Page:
Overcrowding

Find out what you can do if you are living in overcrowded conditions and who qualifies as legally overcrowded.

Apply for council housing when overcrowded

You can apply to your local council for housing if you are overcrowded. 

Your priority for council housing depends on what your council's policy says. You are likely to be given more priority if you are considered legally overcrowded.

All councils have their own rules to decide how overcrowded you are. Ask your local council about its policy. 

A shortage of larger properties in your area may mean it's difficult for your council to find you a home. 

Read more about how to apply for a council home.

Consider private renting

You may be able to find a private rented home large enough for your family.

Private tenants can claim housing benefit to help pay the rent. This is called local housing allowance. Rules limit the number of bedrooms that local housing allowance will pay for to a maximum of 4. If you rent a home that has more bedrooms than this, you'll have to pay any rent shortfall

Find out about the number of bedrooms allowed when calculating local housing allowance.

It is sometimes possible to get housing benefit for two homes if your family is too big to live in one home.

Don't give up an overcrowded council or housing association home without getting advice first. You may not be able to get another council or housing association home.

Get advice about finding a larger home. Use Shelter's directory to find a local advice centre.

Transfer to a larger council or housing association home

You can apply for a transfer if you are a council or housing association tenant. There is usually a waiting list for transfers, but you should get some priority if your home is overcrowded.

You can also use mutual exchange to swap homes with another council or housing association tenant anywhere in the UK. You can't swap if the property you want to move to is too big or small for your needs.

Find out more about tenancy transfers and exchanges.

Apply as homeless due to overcrowding

You can apply to the council as homeless if your home is legally overcrowded or so overcrowded that it's not reasonable for you to continue living there.

Even if you are legally overcrowded, you may not be entitled to help from the council.

Do not leave an overcrowded home before the council makes a decision on your homeless application. You may be refused help if the council decides you are intentionally homeless.

Legal definition of overcrowding

There are two ways to calculate if you are overcrowded under housing law. One is by the number of rooms for people to sleep in. This is called the room standard. The other is by the amount of space in the home and the number of people living in it. This is called the space standard.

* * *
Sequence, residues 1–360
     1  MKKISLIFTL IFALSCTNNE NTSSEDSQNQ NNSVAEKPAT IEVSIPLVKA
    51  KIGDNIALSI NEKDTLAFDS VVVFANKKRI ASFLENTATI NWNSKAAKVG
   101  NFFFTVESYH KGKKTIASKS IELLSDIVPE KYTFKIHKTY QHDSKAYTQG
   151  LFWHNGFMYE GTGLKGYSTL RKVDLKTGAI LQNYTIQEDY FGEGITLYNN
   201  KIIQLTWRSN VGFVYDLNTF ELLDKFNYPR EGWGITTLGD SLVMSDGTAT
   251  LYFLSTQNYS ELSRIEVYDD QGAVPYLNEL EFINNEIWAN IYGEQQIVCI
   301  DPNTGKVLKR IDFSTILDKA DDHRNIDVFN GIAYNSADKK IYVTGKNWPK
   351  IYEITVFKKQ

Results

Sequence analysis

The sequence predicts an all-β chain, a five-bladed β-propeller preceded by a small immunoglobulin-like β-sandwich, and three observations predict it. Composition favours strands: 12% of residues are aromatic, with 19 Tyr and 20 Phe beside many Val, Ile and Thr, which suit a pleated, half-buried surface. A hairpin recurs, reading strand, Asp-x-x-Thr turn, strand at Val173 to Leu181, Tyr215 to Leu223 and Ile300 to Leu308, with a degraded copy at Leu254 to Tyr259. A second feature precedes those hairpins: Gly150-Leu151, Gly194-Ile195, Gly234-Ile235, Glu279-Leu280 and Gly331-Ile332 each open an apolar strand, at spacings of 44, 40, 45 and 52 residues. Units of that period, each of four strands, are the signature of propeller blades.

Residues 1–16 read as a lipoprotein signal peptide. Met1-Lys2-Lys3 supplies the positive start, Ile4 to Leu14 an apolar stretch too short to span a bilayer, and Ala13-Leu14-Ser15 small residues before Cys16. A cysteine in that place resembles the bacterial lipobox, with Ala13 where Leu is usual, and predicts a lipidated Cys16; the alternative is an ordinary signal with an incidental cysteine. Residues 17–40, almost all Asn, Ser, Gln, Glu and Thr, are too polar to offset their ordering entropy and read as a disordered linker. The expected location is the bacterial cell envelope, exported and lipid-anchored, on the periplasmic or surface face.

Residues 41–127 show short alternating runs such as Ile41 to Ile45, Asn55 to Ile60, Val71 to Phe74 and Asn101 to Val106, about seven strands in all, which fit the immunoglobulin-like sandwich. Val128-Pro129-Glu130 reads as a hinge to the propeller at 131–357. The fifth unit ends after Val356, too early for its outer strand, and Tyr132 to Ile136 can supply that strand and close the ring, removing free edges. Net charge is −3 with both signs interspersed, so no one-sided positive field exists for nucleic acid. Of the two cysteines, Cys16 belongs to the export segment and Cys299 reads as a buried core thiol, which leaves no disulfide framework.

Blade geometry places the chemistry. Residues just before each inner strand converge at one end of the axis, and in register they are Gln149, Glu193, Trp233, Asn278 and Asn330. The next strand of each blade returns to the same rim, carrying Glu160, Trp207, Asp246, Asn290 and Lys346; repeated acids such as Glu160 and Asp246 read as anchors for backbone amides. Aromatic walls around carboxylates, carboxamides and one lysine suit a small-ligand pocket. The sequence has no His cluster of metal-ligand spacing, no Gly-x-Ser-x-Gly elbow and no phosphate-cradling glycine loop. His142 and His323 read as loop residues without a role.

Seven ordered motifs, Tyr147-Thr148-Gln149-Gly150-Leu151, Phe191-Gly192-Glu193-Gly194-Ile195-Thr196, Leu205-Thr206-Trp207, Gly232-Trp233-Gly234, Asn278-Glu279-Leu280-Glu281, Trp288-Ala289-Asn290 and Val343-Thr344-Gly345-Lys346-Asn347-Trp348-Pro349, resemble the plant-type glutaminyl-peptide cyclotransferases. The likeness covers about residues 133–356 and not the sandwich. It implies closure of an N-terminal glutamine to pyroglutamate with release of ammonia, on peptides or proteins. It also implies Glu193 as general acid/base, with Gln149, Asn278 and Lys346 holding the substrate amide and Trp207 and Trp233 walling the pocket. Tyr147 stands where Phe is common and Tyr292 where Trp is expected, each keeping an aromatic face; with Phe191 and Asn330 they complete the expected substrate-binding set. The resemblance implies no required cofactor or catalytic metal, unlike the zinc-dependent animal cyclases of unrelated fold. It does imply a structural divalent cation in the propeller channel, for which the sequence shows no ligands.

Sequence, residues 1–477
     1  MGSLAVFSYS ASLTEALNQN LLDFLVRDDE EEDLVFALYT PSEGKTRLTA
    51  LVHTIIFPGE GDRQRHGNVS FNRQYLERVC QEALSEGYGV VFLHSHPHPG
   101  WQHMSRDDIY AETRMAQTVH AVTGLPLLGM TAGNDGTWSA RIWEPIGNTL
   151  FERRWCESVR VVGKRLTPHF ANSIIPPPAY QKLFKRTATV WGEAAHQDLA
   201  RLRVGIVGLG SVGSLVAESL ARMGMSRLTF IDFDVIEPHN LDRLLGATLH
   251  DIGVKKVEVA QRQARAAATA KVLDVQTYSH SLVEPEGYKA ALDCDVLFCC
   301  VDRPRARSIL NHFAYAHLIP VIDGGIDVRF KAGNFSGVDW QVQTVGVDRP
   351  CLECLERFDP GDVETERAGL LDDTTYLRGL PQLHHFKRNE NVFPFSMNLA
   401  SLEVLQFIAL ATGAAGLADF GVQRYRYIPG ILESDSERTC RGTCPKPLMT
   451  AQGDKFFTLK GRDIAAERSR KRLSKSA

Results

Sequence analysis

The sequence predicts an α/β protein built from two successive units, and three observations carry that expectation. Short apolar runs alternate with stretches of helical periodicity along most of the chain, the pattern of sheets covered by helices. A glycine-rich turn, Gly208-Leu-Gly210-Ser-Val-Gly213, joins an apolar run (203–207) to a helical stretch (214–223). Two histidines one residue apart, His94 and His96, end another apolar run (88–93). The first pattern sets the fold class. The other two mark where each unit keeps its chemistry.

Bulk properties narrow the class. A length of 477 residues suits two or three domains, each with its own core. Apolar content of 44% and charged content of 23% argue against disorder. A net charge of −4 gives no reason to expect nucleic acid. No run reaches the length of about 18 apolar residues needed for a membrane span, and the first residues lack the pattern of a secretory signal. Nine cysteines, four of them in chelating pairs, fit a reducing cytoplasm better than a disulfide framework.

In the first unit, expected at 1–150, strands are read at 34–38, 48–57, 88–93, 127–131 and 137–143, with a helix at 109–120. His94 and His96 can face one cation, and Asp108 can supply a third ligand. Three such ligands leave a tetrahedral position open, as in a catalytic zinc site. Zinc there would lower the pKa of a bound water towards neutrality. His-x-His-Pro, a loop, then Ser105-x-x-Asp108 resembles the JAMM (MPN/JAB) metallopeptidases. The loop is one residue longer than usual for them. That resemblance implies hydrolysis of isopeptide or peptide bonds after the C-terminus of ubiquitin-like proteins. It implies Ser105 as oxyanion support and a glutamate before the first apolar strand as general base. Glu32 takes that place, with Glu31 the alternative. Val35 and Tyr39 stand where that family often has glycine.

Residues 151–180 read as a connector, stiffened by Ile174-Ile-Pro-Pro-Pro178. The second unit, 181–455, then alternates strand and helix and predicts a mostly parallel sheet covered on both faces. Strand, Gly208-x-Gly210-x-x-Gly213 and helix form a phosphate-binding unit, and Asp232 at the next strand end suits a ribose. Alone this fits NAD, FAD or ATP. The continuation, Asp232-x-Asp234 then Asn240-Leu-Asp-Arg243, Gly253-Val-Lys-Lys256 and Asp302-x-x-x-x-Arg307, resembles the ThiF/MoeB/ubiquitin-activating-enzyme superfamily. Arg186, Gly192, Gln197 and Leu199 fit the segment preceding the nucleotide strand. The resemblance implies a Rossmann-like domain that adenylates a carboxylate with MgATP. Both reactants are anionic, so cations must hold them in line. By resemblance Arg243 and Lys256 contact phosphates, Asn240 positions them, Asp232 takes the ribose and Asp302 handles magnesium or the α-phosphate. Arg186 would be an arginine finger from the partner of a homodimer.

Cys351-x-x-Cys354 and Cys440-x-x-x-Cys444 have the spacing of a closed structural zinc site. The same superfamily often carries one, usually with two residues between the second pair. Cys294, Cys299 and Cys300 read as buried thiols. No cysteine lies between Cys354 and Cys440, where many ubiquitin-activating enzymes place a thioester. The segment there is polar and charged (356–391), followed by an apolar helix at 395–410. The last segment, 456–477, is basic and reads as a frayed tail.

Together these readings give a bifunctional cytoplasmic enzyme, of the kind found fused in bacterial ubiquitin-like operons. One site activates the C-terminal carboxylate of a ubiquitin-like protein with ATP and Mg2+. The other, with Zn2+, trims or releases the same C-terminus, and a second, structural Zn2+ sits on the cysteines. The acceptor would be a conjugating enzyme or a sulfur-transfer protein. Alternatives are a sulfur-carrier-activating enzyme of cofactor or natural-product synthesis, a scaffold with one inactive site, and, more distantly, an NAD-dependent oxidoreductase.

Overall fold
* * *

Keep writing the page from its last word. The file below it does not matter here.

To calculate if you are overcrowded, you must do each of the calculations separately.

Statutory overcrowding is when there are too many people living in your home using at least one of the calculations. 

How to calculate statutory overcrowding: number of rooms

Your home should have a separate room to sleep in for each:

  • couple
  • single adult aged 21 or older
  • two young people of the opposite sex aged 10 or over

The room standard says your home is legally overcrowded if it doesn't have this.

Children under ten years old are not counted. 

Your bedrooms and any living rooms are counted as rooms you can sleep in. It doesn't matter which rooms you actually sleep in. 

Under the room standard, a couple with a boy and a girl aged under ten in a one bedroom flat are not overcrowded.

How to calculate statutory overcrowding: amount of space 

Under the space standard, the number of people in your home is compared with both the number of rooms and the floor area.

You must do two calculations. If the numbers are different, the lower number is used. Your home is legally overcrowded if the number of people living there is more than this.

To count the number of people:

  • don't include children under 1 year old 
  • children aged 1 to 9 years count as a half
  • anyone aged ten or over counts as one person

To count the number of rooms, include bedrooms and living rooms but don't include any rooms under 50 square feet.

Number of rooms

The number of rooms considered enough for your family is:

  • 1 room for 2 people
  • 2 rooms for 3 people
  • 3 rooms for 5 people
  • 4 rooms for 7.5 people
  • 5 or more rooms for 2 people per room

Floor area 

The minimum floor area considered enough for your family is:

  • 50-69 square feet or 10.2 square metres for 0.5 people
  • 70-89 square feet or 8.4-10.2 square metres for 1 person
  •  90-109 square feet or 6.5-8.4 square metres for 1.5 people
  • 110 square feet or 4.6- 6.5 square metres for 2 people

Get help and advice 

Get advice about overcrowding from your council's housing options service. 

Use the Gov.uk search to find your local council.

Call Shelter's helpline for advice on overcrowding problems or use Shelter's directory to find a local advice centre.

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